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Old 26-07-2017   #16
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Re: Restoring Cars

Quote Originally Posted by AndyRKett View Post
The best thing you could do is ensure the longevity of the car now by investing in rust protection now and protect the car for the future.
That, absolutely - corrosion in one form or another continues to kill cars. Bodyshells may be galvanised now, but there are many other parts of the car which are vulnerable (for example sumps & rear beams on Pandas), and even galvanising won't protect forever.

Cars leave the factory with a 10-12 year design life; if you want it to last longer than this, adding additional corrosion proofing is the best way to go about it.

The optimium time to do this is when the car has just come out of the factory. Once it's 10 years old, the damage has been done and whilst you may still be able to extend its life a few years, you won't get the same return for your efforts as if you'd put them into a new car. Back in the days when aftermarket rust treatment of new cars was commonplace, Ziebart would only guarantee the work if done on cars less than 3 months old.

Quote Originally Posted by SB1500 View Post
Whereas, if I could have it done for the price of a new 6,995 Panda Pop then I'd opt for it.
Putting 6995 into a new Panda Pop will give you a far, far better return on your investment than putting 6995 into the car you currently own.

Buy it a month before you need it, then spend that month diligently adding corrosion protection to anything you think might ever corrode in the future. Remove, grease and replace every bolt you think you may ever need to remove again in the next twenty years. Been there, done that, with a R5 back in 1989. I got almost 220k miles out of it before selling it after 13 years, and the next owner got at least another 3 years from it. Most were on the scrapheap after less than 100k/10yrs.

Your current car is too old, worn and rusty to be worth doing this to now; you could get a better return on your investment in both time and money elsewhere. Consider instead the value you've had from it in teaching you the basics of mechanics, and in identifying those areas where a little additional protection would help. The car may go to that great scrapyard in the sky, but the knowledge & skills you've gained from it will live on for the rest of your life.
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Last edited by jrkitching; 26-07-2017 at 09:46.
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Old 27-07-2017   #17
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Re: Restoring Cars

Shame about the Herald. My second car was a Mk1 948cc one.



Sorry Andy I think you got the wrong end of the stick there. I was talking about profiteering not budgeting.
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Old 28-07-2017   #18
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Re: Restoring Cars

Common cars dont get cherished..

So in 30 years..they are the relatively rare ones..look at @Palio..with the 'concours d'ordinaire'.

My estate agent loved our X1/9..and said the agency nearly bought one ..but got a 128 p as it was more practical...

The 128 is far rarer now..!!
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Last edited by varesecrazy; 28-07-2017 at 09:28.
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Old 28-07-2017   #19
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Quote Originally Posted by varesecrazy View Post
Common cars dont get cherished..

So in 30 years..they are the relatively rare ones..look at @Palio..with the 'concours d'ordinaire'.

My estate agent loved our X1/9..and said the agency nearly bought one ..but got a 128 p as it was more practical...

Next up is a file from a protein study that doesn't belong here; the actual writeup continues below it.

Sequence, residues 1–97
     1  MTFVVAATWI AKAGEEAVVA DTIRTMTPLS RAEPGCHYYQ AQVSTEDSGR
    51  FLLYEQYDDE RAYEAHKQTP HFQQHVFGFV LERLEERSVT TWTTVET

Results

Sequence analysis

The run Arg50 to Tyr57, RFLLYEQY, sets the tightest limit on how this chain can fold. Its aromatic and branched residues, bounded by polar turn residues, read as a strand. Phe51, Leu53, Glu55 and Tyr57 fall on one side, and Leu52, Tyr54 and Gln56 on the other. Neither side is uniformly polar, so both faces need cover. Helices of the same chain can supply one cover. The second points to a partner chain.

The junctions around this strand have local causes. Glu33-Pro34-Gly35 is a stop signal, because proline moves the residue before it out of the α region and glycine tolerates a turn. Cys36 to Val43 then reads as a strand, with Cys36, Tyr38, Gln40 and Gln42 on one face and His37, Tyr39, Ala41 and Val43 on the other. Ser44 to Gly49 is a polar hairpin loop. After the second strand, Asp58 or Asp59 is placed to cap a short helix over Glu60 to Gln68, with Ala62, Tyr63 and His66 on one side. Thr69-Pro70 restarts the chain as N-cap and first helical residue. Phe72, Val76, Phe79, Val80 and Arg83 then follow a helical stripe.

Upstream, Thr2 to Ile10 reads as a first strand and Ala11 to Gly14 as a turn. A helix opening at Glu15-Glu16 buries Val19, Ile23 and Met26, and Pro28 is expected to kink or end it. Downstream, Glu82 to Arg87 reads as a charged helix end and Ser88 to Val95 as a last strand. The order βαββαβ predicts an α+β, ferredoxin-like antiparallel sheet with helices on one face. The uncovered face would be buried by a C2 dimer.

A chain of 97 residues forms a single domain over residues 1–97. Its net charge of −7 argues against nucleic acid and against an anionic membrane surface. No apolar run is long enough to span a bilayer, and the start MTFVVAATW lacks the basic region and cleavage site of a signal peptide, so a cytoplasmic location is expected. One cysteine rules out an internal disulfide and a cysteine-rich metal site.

The 128 is far rarer now..!!
The fiat 128 was very much of the era of the original fiat 500, they were very high volume and a lot of people owned them, however these days no one remembers them (or thinks they're a lada) and they are not desirable.

I suspect in 20-30 years time the panda will be much the same, generations ahead will look back fondly at he retro fiat 500 that fiat currently produce, they will have fun stories and look to recapture their youth by owning a well cherished and restored 500 pop or lounge, but I can't see too many people doing the same with the current panda, and it's likely only a few enthusiasts like now will keep old pandas going.
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Old 28-07-2017   #20
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Quote Originally Posted by Liquid Knight View Post

Sorry Andy I think you got the wrong end of the stick there. I was talking about profiteering not budgeting.
I know exactly what you meant, I just chose to address a different point. you're still wrong though if you've got 20k to spend fully restoring an old car then no matter what your thoughts are you're not going to be restoring something that no one has an interest in saving for the future, your 20k will always be better spent restoring something that is though of in high regard. Even if you won't make money from restoring it, another 10-20 years later prices will have risen to a point you might break even or make a few pounds which can be handed down the family, that or a family member could go on to further appreciate and cherish the car. Restore something old bland and boring that no one has any interest in and future generations won't car and the next owner will neglect it or scrap it, so there is no point.
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Old 28-07-2017   #21
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Re: Restoring Cars

Here in France, we have a concept called 'patrimoine', which translates best as 'heritage' or 'inheritance' (litrally, paternal inheritance). It has many aspects, but the one of interest here is that of cultural and industrial heritage.

This is something on which more and more emphasis is being placed, as we come to understand how much we have already lost. The current view is trending more and more towards the idea that everything is worth saving and that the focus should be on the simple, everyday objects to which nobody gives a second thought, rather than the exotica, which, by it's very nature, will tend to be preserved anyway.

Something that is commonplace now, will be seen as just that, common, so there will be litle effort to preserve it and by the time someone notices that they are all dissapearing, it may well be too late.

This applies to everything, but focusing on cars:

How many cars from the 80s and early 90s do you still see on the roads? How many of those are actually in a condition that could be considered 'restorable' (anything is possible, but we're talking within reasonable means)?